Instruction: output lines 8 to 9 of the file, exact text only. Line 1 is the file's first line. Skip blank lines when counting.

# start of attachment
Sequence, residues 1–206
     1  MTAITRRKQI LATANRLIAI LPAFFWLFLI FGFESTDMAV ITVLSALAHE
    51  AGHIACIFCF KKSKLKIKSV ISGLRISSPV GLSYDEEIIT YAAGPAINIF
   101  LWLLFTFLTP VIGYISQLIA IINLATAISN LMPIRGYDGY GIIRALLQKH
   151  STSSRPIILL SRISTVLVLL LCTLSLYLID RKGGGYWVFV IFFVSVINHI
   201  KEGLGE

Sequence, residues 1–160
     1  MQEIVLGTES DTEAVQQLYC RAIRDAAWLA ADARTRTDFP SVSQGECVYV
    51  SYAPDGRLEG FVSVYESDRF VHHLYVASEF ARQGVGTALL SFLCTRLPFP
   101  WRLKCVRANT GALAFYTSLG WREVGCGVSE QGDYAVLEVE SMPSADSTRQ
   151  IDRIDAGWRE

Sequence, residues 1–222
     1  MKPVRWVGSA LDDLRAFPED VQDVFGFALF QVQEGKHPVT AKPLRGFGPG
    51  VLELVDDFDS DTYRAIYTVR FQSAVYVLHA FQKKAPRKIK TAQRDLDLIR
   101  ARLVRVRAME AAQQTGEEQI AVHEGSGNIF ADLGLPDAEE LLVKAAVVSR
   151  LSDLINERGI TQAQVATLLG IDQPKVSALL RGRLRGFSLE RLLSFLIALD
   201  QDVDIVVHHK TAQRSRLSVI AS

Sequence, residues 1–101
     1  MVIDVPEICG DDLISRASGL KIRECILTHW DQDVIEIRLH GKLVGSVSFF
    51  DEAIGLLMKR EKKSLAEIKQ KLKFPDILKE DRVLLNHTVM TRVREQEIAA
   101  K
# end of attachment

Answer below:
     1  MQEIVLGTES DTEAVQQLYC RAIRDAAWLA ADARTRTDFP SVSQGECVYV
    51  SYAPDGRLEG FVSVYESDRF VHHLYVASEF ARQGVGTALL SFLCTRLPFP